The objective here is to rethink the need for each expense, especially the recurring and last ones on our list of priorities. If both conditions are met, we will have identified an expense that we could cut.
In any case, it is important never to lose sight of the quantities. We may cut a lot of small expenses, but the total amount of what we end up saving is important. On the contrary, if it is not enough, perhaps we should go a little higher on our list and review some higher priority expenses.
Another aspect to keep in mind is that cutting an expense does not necessarily mean eliminating it. Sometimes, there are alternatives to reduce what we spend while keeping part of what we want to enjoy. For example, going out to eat less often, lowering the service level of our subscriptions, or buying cheaper brands in the supermarket.
7. Link income and expenses
This exercise is divided into two parts. The first is to compare the total amount of money we have earned with what we have spent. However, doing this is not enough to know the real situation of our finances.
The second part forces us to go into more detail and compare our income and expenses by category, between recurring and one-off. Here, the golden rule is to finance our recurring expenses with income that is also recurring. On the other hand, the punctual income could only be destined to pay eventual expenses, never recurring.
In this way, if we are considering extraordinary decisions such as using part of our savings or selling our car, we should use that money only for eventual expenses, such as medical treatment or work at home.
However, sometimes it is unavoidable to have to use our savings to live for some time. To do this, it is necessary to move on to the next point of our plan.
8. Have an emergency plan
As we mentioned, no one is free from the risk of being unexpectedly deprived of their sources of income, or facing exceptional expenses. For this, it is important that we have previously prepared an action plan if this happens.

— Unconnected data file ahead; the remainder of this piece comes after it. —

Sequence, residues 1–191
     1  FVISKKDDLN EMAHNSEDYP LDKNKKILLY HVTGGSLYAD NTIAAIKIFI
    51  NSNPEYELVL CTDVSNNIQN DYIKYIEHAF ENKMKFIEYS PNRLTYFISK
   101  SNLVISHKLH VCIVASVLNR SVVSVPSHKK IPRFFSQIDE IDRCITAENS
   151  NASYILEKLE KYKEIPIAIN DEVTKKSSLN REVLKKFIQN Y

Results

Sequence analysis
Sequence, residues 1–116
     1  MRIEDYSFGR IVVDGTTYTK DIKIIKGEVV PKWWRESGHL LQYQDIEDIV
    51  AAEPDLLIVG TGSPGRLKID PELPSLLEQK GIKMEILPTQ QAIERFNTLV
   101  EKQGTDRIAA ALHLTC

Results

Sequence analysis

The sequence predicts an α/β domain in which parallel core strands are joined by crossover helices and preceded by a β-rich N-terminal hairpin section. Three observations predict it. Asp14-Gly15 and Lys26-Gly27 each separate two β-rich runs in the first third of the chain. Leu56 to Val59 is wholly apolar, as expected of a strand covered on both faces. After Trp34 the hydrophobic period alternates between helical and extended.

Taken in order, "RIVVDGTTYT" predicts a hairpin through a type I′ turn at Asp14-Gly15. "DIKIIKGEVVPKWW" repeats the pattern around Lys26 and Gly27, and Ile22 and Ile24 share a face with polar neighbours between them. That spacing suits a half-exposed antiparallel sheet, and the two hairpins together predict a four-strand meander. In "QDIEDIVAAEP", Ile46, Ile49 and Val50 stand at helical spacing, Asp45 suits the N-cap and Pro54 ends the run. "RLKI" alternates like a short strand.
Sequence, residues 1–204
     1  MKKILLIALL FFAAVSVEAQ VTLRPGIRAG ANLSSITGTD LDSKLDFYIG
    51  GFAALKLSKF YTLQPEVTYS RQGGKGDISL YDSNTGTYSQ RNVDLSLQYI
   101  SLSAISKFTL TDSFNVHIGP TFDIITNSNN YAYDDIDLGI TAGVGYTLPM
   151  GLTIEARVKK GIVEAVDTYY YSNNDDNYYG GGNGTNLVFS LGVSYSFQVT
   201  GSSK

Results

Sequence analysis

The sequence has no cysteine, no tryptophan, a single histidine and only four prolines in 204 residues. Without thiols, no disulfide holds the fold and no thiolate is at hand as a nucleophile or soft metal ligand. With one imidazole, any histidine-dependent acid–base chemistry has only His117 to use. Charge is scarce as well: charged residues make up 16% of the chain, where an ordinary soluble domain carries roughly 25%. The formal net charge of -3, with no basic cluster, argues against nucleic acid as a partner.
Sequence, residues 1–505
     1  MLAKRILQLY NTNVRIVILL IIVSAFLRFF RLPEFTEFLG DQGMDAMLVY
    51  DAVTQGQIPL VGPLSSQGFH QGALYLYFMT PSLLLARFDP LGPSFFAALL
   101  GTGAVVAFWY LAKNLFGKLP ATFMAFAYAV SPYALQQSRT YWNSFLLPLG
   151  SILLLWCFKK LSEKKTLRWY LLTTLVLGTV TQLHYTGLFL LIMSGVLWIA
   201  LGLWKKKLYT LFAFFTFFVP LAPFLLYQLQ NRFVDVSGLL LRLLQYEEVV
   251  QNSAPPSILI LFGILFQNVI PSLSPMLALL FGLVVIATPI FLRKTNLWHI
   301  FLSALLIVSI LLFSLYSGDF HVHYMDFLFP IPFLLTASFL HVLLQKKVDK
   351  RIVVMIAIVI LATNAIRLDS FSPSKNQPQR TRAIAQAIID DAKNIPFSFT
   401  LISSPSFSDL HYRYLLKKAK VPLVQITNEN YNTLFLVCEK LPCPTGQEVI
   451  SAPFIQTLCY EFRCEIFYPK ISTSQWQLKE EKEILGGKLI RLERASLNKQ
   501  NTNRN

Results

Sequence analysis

A first step may be to take our monthly expenses as a base, compare them to our savings, and from there, calculate how long we could live on them if we lost our income. The objective may vary from one person to another, but it is desirable that we can maintain ourselves for at least a few months with these resources.
Another aspect to take into account is planning what expenses we could eliminate if we saw ourselves in that situation. For example, we might be able to afford a subscription to a movie platform now, but we might unsubscribe in an emergency scenario.
We also have to consider the liquidity of our assets, that is, the ease with which we can dispose of it when we need it. Money in cash or in a checking account is the best solution, but if we plan to sell a property or recover a deposit, remember that we will probably not be able to have the money immediately.
Designing an emergency plan is difficult when there is inflation, because forecasting our expenses in the future is complicated. For this reason, it is important to be very conservative when drawing up our plan, since here it is preferable to err on the side of prudence than by default.
9. Have a savings plan
In the same way that we have created an emergency plan, we should also have one for our savings. In a nutshell, it’s about setting a minimum goal of money that we should force ourselves to save every month. We can set this goal either in absolute terms or as a percentage of our income.
The objective may vary from one person to another, as it depends on the situation of each one. But even for those who can’t save much of anything, it’s a good idea to plan for the future. That is, if their income increases, they can commit to saving part of it.
As we have mentioned, there is no optimal level of savings, but we can use two variables as a reference. One of them is inflation, which devalues our assets. In this case, if there is inflation of 5% per year, we can set a goal that our savings grow at least that same rate.
The other variable is the possible expenses that we have had in recent months. If we have had extraordinary expenses, it is recommended that we make a savings plan to replace that money in the coming months.
In previous posts, we have shared some tips on how to save and protect our money in high inflation scenarios.
10. Advance purchases
One of the effects of inflation is to make future consumption more expensive than the present. Therefore, our savings will be worth less and less over time.
To counteract this effect, we can take advantage of offers and advance purchases that avoid future expenses. Logically, this is easier with durable consumer goods (appliances, cars, etc.), but we can also do it with others, including some foods. This is the case, for example, of meat or fish (which can be frozen), non-perishable foods and preserves.
In summary, we can say that surviving inflation is not an easy task for anyone, and there are no magic recipes to do it. Almost all solutions require some kind of sacrifice, but by following the steps we’ve outlined, we can at least minimize the impact. Therefore, we encourage our readers to apply our recommendations and comment on their experiences.